Getty Images and Canon Australia have teamed up with Starting with Julius to co-create imagery that authentically represents Australian people with disability.
The collaboration with Starting with Julius – a not-for-profit organisation committed to changing the way disability is represented in media and marketing – includes the creation of imagery that more accurately portrays individuals with disability and breaks stereotypes.
A call for contributors to the collection was distributed exclusively to Canon Australia’s local consumer base, after which photographers took part in an open session with Getty Images and Starting With Julius, followed by a full day photoshoot.
The resulting images are being added to the existing This Is Australia collection, which was launched almost a year ago with the intention of portraying the Australian population more authentically.
Australian Bureau of Statistics research reveals over 4 million people in Australia experience some form of disability. In the past year, Getty Images has seen an increase in searches for disability-related images on its website.
The term “disabled adult” increased 79 per cent year on year.
Additionally, searches for ‘developmental disability’ was up 77 per cent, ‘happy disabled’ increased 93 per cent, and ‘disability employment’ was up 83 per cent.
The new images are the latest in Getty Images’ ongoing commitment to authentic representation. In 2018, Getty Images launched a partnership with Verizon Media and the National Disability Leadership Alliance (NDLA) on The Disability Collection.
The partnership included developing a comprehensive set of guidelines on how to authentically reflect people with disabilities in photography, which guided the work in Australia.
Petra O’Halloran, creative research project manager, Getty Images says the industry needs to take stereotyping and misrepresentation more seriously and work more consciously to include representations of Australia’s diverse population.
“Images have a profound impact on the way we view the society we live in, and should represent the full breadth of demographics, belief systems and ways of life.
“When 1 in 5 Australians experience disability, it shouldn’t be rare for advertising and marketing to include them. We believe it’s a brand’s responsibility to encourage greater diversity and authenticity – so we are taking steps to do so.
“The collection intentionally depicts people with disabilities in the full spectrum of human experiences that make up daily life; includes a diverse range of socioeconomic status, age, gender, ethnicity, and sexuality; and portrays real people, rather than actors portraying disability. Importantly, it also was designed to avoid only representing the stereotypical narrative of “overcoming” disability and instead accurately pictures disability as one aspect of a person’s identity.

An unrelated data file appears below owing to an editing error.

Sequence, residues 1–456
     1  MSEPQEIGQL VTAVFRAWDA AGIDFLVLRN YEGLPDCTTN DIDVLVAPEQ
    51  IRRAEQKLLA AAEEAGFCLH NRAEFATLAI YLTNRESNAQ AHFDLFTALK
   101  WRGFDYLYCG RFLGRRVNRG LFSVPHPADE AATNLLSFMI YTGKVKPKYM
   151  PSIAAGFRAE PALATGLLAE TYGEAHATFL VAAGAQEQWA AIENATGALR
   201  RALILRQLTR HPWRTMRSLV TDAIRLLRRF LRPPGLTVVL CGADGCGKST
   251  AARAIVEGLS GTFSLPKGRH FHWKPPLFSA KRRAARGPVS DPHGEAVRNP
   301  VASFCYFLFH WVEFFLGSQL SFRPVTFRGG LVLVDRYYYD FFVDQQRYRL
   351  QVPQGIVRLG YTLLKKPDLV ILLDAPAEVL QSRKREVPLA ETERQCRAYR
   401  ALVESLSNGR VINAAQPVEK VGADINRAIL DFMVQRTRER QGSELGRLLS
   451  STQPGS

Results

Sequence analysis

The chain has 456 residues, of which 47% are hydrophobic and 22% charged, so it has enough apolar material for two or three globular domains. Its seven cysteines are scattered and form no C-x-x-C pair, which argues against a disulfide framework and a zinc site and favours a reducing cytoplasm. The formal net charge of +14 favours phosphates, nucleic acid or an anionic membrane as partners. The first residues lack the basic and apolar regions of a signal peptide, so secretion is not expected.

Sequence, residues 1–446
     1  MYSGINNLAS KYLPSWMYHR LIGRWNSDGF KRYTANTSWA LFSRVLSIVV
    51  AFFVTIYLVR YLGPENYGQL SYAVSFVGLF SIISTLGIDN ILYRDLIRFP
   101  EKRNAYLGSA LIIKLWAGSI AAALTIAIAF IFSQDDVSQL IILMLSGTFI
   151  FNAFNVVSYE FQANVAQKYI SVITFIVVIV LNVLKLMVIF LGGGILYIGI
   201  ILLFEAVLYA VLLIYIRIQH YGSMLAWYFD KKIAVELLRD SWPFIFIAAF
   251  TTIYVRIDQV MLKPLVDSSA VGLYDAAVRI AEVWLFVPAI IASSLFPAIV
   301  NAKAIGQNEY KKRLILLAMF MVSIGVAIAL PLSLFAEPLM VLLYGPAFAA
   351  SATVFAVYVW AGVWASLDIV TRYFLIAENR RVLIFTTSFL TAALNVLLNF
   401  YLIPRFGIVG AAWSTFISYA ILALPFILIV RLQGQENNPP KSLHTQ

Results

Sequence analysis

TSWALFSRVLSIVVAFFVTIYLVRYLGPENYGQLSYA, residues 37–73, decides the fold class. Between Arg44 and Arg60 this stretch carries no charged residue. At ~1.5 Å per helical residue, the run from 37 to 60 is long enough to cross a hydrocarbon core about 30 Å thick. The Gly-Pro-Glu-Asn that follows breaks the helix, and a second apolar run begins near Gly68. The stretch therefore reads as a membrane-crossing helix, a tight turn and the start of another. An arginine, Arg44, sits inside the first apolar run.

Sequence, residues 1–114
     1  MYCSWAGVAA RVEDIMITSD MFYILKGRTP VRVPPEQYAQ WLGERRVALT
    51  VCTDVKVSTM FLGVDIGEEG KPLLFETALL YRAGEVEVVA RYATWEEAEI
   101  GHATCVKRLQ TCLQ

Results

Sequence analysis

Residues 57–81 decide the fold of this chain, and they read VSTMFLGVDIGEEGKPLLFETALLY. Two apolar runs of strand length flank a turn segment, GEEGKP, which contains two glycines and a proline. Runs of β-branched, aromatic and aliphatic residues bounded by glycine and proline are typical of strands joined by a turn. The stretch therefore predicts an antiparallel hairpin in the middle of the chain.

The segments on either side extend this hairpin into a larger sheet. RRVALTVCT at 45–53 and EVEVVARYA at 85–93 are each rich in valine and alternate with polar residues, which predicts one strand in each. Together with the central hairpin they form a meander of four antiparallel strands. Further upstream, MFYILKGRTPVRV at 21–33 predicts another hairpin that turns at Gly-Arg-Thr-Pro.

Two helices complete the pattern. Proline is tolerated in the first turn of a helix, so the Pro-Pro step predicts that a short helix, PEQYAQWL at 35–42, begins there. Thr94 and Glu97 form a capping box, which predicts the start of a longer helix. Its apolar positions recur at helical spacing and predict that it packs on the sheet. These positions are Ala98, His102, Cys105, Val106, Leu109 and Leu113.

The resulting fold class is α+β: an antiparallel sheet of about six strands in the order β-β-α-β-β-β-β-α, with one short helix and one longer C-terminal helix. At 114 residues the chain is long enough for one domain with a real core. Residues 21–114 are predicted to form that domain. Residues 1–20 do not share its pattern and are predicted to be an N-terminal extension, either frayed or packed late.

“Starting With Julius’ commitment to the equal representation of people with disability in advertising and media makes them an ideal partner to co-create this content with. Each stock model came through its network. Alongside Starting With Julius, this collection gave us a platform to educate our contributors around how to work with people with disability, including the appropriate language to use and general content creation guidance.” concludes O’Halloran.
Angel Dixon, advocacy manager for Starting With Julius says the misrepresentation of people with disability in stock images and the negative language used in image captions and tags has been a problem for a long time.
“Stock images can be downloaded an infinite amount of times and images are used across advertising, websites and applications, social media, TV and film, presentations, newspapers, magazines, books, and so much more. Stock images are used to help brands and organisations tell stories, which means stock imagery has the power to change the way stories are told.
“Getty Images is leading the way in filling the gaps and revolutionising stock imagery when it comes to images of people with disability. From its #ShowUs project to the ‘This Is Australia’ collection, it is clear that Getty Images is committed to the pursuit of more inclusive imagery across the board. Starting With Julius was excited to be partnered with Getty Images and Canon on this project,” concludes Dixon.
Jason McLean, director – Canon Consumer Imaging, says the partnership is part of the brand’s ongoing commitment to help Canon users develop their photography skills, while helping to create more authentic content.
“Our partnership with Getty Images and Starting With Julius gives Canon camera owners the opportunity to contribute to imagery in the Australian media and advertising industry. We’re proud to give Canon camera owners a platform to build their skills and be part of the shift to more authentic representations of Australia and Australians.”
“We’ve spent more than a decade working to break stereotypes and create an authentic view of concepts like gender, sexuality, religion, race, mental illness and disability across media and advertising. As part of this, we are the only visual media agency actively creating authentic content to meet the changing demands of our customers,” says Petra O’Halloran, Getty Images.
To view the newest images in the ‘This Is Australia’ collection, head here.
To view The Disability Collection, head here.
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